Hey, GVL. Ana here. 👋 My adopted grandparents, a wonderful couple who were my lifelong neighbors until their passing, were avid birders who traveled the country in search of elusive feathered friends. Their love + guidance helped my family create our self-proclaimed bird sanctuary over the years.
S.C. is home to hundreds of year-round + migrating bird species, each with their own characteristics, habits, and songs. The sheer number of birds in our area, plus the start of the springtime breeding season + songbird migration, means that you may recently have been woken up by birds singing at the crack of dawn (a phenomenon known as the Dawn Chorus). And, especially being at home a lot more, you’ve likely seen more of them too — at your feeders, on your fence posts, or swooping overhead.
Since so many birds are active right now, you may be wondering what they all are — and you don’t need a lot of expensive gear to figure it out. The most important things are your own two eyes...and a little curiosity.
Check out some tips + tricks below to get started birdwatching.👇
There’s an app for that
Websites + apps have made birdwatching more accessible than ever. Here are a few we recommend.
○ Merlin: This free identification app from the Cornell Lab of Ornithology includes photos, an identification tool, and a database of songs + calls for every bird you’re likely to come across in your area.
○ ebird.org: Also from the Cornell Lab of Ornithology, ebird is a great website for birders to find birds, keep track of bird lists, explore the latest sightings + contribute to science. The best part of ebird is the hotspots locator. Greenville has many local spots where birders have seen more than 200 species.
○ Audubon South Carolina: State-specific information on species, conservation, resources + tips for birdwatching, bird-friendly gardening and more.
B(u)y the book
Armed with a good field guide, a little knowledge can go a long way. Here are a few of the most popular guides:
○ The Sibley Field Guide to Birds of Eastern North America by David Allen Sibley
○ Peterson Field Guide to Birds by Roger Tory Peterson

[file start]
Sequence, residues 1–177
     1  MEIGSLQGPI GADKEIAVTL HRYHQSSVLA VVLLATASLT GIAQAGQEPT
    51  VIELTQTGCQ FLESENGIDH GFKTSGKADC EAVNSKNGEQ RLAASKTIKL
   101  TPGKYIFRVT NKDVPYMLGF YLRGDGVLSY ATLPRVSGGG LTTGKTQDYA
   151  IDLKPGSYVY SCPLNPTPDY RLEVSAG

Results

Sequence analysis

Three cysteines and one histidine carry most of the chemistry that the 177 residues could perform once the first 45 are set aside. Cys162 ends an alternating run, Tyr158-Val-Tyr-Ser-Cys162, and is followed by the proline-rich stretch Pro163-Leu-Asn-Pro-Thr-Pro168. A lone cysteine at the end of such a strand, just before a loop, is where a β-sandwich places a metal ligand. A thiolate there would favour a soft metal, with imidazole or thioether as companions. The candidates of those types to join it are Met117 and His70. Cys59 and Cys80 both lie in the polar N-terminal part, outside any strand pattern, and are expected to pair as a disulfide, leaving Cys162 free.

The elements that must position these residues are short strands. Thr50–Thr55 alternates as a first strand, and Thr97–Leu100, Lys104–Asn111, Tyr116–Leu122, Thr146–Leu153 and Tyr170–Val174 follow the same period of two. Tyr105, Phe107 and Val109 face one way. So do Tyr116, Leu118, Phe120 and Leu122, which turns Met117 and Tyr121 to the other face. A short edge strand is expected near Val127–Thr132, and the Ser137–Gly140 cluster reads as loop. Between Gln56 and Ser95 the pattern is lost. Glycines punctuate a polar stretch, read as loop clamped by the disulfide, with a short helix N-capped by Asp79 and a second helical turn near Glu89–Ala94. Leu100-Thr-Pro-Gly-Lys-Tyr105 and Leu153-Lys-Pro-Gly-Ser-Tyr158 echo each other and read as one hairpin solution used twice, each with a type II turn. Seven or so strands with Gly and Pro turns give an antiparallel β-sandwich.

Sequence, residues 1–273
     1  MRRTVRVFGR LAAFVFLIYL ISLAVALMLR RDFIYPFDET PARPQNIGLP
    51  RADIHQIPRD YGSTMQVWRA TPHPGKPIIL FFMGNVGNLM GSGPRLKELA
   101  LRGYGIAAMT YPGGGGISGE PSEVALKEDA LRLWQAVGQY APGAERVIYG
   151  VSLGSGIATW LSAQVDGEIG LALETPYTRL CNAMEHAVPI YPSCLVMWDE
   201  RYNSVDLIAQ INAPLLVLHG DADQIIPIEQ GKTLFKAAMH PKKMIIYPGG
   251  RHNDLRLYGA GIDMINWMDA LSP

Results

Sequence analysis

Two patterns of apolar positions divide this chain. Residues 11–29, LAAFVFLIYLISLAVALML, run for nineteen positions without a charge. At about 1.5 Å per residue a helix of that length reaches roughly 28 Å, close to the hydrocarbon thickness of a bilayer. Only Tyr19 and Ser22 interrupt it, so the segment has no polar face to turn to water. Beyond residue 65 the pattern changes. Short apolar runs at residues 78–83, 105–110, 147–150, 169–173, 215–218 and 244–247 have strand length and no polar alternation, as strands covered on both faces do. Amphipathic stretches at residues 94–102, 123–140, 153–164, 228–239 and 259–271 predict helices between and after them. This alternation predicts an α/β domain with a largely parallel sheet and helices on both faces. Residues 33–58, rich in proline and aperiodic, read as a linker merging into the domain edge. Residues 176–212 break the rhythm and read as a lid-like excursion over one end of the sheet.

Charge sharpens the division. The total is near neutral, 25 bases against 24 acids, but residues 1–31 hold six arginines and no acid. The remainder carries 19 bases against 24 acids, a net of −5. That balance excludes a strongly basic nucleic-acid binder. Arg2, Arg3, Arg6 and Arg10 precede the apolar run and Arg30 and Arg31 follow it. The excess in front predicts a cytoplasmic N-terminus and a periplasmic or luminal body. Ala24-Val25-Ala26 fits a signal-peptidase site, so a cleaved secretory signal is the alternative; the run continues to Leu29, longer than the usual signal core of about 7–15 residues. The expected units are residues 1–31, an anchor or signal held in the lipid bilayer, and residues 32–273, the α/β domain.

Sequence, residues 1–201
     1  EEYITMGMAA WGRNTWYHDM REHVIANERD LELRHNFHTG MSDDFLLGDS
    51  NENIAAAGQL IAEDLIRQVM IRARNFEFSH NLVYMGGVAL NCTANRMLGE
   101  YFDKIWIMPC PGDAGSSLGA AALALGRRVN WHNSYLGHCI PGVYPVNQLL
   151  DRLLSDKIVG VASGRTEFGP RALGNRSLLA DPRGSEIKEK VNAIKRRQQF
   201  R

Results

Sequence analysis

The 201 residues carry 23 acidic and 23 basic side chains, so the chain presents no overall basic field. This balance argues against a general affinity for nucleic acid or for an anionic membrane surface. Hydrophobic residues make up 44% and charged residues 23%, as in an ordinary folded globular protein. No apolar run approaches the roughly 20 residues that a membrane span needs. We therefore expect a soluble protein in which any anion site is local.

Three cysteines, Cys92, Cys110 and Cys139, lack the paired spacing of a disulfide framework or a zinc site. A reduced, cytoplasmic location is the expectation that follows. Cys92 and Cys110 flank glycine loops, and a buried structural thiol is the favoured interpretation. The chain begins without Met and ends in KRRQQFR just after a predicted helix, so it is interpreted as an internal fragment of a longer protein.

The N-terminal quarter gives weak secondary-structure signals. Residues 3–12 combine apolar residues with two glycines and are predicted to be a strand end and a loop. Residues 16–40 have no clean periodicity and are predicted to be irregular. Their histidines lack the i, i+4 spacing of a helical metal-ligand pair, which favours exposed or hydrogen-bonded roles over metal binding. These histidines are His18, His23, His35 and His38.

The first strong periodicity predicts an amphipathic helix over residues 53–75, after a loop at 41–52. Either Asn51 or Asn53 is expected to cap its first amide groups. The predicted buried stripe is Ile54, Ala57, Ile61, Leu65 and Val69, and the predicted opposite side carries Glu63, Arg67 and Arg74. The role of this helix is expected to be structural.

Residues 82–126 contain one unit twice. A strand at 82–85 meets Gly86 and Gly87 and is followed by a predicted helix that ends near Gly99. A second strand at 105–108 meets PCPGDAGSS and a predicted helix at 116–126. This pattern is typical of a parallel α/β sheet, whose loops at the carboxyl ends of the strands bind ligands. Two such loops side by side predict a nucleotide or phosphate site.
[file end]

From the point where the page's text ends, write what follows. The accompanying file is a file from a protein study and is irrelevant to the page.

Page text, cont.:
○ Peterson Field Guide to Feeder Birds of Eastern North America by Roger Tory Peterson
Feed the birds
The easiest way to view birds is to bring them to you. Retailers like Ace Hardware, Home Depot, Wal-mart, Tractor Supply + Lowe’s all have good selections of bird feeders in different shapes and sizes. This link has some ideas on the best types of bird feeders to purchase + what kind of food (seed, suet or nectar) to offer.
The folks at Wild Birds Unlimited (626 Congaree Rd, Greenville) can hook you up with a great bird feeder + locally-sourced seed and suet (a birdseed cake). They’re also extremely knowledgeable about all things birds + are doing curbside pickup right now.
Some tricks of the trade from my family
○ Use a 4:1 water to sugar ratio for your hummingbird nectar. Contrary to popular belief the nectar does not need to be colored red to attract the hummingbirds.
○ Black oil sunflower seed is a tried and true favorite that most birds will love.
○ The Eastern Bluebird is very popular in our area. If you’re feeling extra ambitious (or bored), follow these instructions on how to build your own bluebird nestbox. Pro Tip: These boxes should be placed in an open area at least five feet off the ground. They should also face a tree or bush less than 50 feet away, so the fledglings will have a place to live for several days after leaving the nest.
○ Carolina Wrens are also popular native nesters who make nests in many different places. Ours prefer a clay vase hanging on our front porch, but one year they used the wreath on our door.
Five of my family’s favorite backyard visitors
This guy is new for us this year, but the species’ numbers are on the decline in the east.
A rafter (you’re welcome for that new term) of turkeys has taken up residence in a field close to our house. There is one male + four females in the group.
Eastern Bluebirds can nest up to three times a year (what’s known as a treble-brood). Ours nested twice last season.
These fast flyers beat their wings more than 50 times per second. We spotted our first hummingbirds on March 28 both this year and last.
The Red-tailed is the most widespread + familiar large hawk in North America. I got a chance to see three up close this year at the Carolina Raptor Center outside of Charlotte, N.C.